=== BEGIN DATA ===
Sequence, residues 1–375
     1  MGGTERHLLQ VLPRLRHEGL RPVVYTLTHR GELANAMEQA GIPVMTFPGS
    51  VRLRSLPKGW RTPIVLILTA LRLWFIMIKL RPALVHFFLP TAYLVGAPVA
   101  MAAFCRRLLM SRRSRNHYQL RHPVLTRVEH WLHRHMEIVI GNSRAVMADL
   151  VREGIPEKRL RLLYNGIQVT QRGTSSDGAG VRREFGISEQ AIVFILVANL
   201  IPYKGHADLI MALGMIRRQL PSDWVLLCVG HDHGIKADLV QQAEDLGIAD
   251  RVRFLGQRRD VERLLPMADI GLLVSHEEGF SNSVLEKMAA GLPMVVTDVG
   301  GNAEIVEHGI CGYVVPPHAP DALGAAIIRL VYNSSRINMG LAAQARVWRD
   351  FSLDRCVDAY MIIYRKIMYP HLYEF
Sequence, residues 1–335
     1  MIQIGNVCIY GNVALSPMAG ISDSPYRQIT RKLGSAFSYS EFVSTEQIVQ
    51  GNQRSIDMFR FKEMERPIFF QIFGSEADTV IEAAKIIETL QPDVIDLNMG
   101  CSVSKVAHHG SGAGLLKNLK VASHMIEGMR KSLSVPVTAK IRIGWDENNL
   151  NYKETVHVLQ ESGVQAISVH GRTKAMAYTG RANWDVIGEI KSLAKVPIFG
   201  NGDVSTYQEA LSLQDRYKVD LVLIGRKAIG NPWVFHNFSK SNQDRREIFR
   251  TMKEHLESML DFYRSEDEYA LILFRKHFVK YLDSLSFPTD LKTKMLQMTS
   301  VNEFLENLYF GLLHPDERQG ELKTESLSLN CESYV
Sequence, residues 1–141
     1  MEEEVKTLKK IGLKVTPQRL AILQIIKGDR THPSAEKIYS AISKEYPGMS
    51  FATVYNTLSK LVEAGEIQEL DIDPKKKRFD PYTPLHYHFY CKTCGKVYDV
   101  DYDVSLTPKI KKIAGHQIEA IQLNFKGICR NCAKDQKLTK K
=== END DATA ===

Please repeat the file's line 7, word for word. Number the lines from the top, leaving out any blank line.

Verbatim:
   251  RVRFLGQRRD VERLLPMADI GLLVSHEEGF SNSVLEKMAA GLPMVVTDVG